Introduction to Tai Chi
Blue Ridge Tai Chi offers a new slate of classes aimed at those new to the practice. There are free introductory sessions offered this month, with the first hour of class starting the following week, said instructor Lee Felton.
The free sessions are offered Thursday, Sept. 8, at 6:30 p.m. at Tabor Presbyterian Church, and Monday, September 12, at 9 a.m. at Emmanuel Episcopal Church. The ongoing sessions will begin the next Monday and Thursday at the same time and locations, and continue for 12 weeks.
People bring a variety of expectations to their first class, Felton said, depending on goals and whatever they’ve been exposed to about Tai Chi. “At the simplest level, daily Tai Chi practice can noticeably benefit ease of movement, flexibility and balance. It can also reduce stress and anxiety, and enhance immune system and cardiovascular function.”
Those who have benefited from Tai Chi have called it meditation in motion, swimming in air, and acupuncture from the inside out. “The practice dates back more than 5,000 years,” Felton said, “but it’s a great tool for surviving and thriving in the 21st Century.”
Glass Art at the Artisan Depot
Those who’ve been fascinated by the glass studio at the McGuffey Art Center can see works by the artist closer to home at The Crozet Artisan Depot in September. Vee Osvalds is the guest artist, and his work will remain there throughout the month. Osvalds’ show, “Stained Glass in the Dalle-de-Verre Technique,” features pieces assembled from one-inch-thick slabs of glass, called “Dalles” that are broken or sawn into shapes for designs. The edges of the glass are faceted so that light will be refracted through them, then placed in a mold and finished with resin. When the resin hardens the finished piece can be held up to the light.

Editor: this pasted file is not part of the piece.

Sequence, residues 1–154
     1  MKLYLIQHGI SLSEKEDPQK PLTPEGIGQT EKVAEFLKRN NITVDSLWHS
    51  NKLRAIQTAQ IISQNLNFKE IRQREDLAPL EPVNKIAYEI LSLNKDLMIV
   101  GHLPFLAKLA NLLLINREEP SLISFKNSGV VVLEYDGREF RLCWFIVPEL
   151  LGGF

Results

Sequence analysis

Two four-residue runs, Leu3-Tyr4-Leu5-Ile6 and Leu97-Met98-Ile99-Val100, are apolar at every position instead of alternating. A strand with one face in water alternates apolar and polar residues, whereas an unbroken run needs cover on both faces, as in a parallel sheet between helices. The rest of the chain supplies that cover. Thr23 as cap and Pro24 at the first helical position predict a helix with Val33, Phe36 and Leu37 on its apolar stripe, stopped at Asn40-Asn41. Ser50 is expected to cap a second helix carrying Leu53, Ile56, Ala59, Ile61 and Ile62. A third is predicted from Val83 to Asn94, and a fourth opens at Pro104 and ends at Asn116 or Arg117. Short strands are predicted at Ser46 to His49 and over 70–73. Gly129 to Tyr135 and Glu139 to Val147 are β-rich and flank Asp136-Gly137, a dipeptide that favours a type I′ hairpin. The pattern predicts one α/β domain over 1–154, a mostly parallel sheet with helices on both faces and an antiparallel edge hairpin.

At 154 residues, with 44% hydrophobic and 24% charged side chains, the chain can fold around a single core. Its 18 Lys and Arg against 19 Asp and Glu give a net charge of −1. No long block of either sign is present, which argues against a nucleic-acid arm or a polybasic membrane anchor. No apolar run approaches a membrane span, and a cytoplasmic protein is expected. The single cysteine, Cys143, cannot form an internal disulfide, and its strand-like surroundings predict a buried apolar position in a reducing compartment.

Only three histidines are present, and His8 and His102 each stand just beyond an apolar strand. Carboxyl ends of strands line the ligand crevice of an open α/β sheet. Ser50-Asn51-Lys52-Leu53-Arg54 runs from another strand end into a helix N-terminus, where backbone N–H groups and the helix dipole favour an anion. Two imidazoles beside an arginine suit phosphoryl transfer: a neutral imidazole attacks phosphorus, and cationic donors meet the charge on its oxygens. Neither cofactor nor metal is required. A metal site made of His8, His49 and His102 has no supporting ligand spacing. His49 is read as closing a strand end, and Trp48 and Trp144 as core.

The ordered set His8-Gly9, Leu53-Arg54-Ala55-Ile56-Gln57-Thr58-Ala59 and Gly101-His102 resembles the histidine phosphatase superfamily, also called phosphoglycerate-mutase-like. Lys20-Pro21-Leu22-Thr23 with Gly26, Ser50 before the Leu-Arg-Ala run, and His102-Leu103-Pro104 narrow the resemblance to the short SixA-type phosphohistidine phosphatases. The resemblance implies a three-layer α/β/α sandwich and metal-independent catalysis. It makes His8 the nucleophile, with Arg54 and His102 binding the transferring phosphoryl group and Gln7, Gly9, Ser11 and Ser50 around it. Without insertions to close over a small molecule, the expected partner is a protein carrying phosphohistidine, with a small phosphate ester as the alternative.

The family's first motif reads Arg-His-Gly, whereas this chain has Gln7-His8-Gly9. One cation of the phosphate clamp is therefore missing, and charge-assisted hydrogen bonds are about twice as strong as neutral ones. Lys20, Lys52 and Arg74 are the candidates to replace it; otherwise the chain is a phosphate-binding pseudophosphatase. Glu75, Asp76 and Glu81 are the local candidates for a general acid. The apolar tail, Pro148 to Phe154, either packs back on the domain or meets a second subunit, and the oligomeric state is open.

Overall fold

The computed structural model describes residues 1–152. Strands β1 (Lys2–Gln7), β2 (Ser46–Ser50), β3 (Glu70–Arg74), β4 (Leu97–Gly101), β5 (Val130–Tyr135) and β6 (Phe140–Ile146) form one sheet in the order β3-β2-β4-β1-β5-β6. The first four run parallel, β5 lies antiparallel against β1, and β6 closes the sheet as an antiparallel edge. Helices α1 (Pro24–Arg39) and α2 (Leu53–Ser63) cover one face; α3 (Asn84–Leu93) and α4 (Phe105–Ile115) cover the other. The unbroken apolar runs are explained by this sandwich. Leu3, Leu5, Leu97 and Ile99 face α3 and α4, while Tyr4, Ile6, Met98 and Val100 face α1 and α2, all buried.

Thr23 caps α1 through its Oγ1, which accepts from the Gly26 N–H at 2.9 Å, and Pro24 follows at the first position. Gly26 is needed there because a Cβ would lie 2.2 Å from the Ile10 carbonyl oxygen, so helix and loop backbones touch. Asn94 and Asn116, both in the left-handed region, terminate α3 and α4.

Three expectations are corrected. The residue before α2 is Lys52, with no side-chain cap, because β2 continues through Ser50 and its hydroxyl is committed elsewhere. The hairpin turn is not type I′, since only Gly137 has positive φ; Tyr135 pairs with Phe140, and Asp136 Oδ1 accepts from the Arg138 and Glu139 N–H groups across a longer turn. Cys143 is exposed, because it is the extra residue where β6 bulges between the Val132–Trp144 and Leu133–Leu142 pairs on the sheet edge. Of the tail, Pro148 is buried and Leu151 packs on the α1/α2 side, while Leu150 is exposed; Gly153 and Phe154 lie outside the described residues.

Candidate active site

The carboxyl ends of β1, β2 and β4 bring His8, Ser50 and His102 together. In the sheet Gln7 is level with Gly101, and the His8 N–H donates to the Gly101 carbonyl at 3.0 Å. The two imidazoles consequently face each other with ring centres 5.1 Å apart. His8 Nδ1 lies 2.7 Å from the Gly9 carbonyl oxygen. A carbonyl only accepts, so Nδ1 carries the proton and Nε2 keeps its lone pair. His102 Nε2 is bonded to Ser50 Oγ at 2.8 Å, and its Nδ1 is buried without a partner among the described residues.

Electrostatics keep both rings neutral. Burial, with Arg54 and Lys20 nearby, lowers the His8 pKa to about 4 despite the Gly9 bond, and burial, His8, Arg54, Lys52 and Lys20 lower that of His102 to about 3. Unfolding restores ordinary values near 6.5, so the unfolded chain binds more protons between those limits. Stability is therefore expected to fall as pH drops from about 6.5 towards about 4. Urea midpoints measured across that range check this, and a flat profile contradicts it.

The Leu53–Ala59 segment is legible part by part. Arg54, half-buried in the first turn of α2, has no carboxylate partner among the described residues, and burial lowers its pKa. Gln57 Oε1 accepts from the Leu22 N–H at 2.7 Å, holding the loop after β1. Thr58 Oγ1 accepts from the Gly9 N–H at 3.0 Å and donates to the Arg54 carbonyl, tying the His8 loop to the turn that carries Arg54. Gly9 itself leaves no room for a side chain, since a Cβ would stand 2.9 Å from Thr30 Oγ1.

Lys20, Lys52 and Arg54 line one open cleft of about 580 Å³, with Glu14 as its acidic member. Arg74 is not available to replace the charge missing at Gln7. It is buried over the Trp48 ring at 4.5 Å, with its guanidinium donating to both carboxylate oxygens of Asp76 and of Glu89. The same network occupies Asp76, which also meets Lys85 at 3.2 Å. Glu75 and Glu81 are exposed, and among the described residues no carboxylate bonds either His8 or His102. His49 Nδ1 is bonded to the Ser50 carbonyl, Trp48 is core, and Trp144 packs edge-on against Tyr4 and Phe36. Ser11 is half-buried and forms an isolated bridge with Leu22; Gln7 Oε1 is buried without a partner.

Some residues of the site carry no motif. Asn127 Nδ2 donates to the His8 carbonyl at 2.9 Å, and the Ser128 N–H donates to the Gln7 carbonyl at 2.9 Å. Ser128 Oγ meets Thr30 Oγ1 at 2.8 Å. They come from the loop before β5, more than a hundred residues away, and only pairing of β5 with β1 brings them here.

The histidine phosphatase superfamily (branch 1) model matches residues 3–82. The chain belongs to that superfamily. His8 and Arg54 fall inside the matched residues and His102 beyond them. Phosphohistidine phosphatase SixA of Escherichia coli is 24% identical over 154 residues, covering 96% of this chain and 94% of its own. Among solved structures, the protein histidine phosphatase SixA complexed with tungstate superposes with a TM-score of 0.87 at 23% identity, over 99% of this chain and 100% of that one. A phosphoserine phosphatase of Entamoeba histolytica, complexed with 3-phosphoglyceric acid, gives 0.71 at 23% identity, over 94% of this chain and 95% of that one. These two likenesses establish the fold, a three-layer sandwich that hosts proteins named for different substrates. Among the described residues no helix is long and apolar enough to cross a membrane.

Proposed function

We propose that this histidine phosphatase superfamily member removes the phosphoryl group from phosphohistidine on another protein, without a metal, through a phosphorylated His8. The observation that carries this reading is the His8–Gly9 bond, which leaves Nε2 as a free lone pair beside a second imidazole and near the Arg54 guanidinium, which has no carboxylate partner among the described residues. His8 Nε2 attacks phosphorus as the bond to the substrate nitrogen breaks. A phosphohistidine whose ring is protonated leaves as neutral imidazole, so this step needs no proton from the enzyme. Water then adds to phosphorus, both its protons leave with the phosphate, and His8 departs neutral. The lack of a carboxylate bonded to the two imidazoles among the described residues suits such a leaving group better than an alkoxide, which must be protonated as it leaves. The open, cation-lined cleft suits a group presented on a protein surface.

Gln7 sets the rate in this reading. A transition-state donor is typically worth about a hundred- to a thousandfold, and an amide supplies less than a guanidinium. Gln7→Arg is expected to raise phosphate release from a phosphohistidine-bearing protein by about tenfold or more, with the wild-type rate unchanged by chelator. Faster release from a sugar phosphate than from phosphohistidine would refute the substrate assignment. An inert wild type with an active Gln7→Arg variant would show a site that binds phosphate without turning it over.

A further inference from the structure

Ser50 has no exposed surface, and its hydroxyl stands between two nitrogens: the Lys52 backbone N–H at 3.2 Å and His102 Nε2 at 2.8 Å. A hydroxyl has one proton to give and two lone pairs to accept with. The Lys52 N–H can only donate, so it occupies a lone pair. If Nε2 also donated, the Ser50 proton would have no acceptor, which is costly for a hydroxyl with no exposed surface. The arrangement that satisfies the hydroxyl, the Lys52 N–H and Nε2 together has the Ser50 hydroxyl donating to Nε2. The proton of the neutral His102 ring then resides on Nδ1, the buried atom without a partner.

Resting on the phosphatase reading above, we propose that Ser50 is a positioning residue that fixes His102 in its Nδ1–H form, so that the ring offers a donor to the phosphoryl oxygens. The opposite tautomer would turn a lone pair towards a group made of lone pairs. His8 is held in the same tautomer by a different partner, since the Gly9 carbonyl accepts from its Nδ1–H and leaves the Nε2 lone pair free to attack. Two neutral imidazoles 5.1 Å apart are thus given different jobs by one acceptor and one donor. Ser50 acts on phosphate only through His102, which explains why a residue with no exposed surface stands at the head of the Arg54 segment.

The one-inch glass used in this technique is much thicker than standard glass, so the resulting colors are much richer and deeper when placed in strong sunlight.
Osvalds became interested in stained glass while living in Europe in 1972, where visits to many of the great cathedrals inspired an interest in art glass. After years of training, Osvalds opened his own studio at the McGuffey Art Center in 1980.
The Brownsville Market is under new management. Ali Lutus, who bought the popular business from Chris Suh a few months ago, has kept the regular employees and the sought-after fried chicken and sides.
“Eat Heal Glo,” a plant-based restaurant and health center, will not be opening up in the former Trey’s Restaurant as previously planned, said business owner Nancy Bond. She’s looking for a place to operate her health-centered catering business. Landlord Mark Green, who owns the property, said there’s no news to release yet about another business coming there or to the former Crozet Tack and Saddle.
The Crozet Grow Shop has opened adjacent to the Skyline Apothecary on Route 250, with products for the home gardener and grower.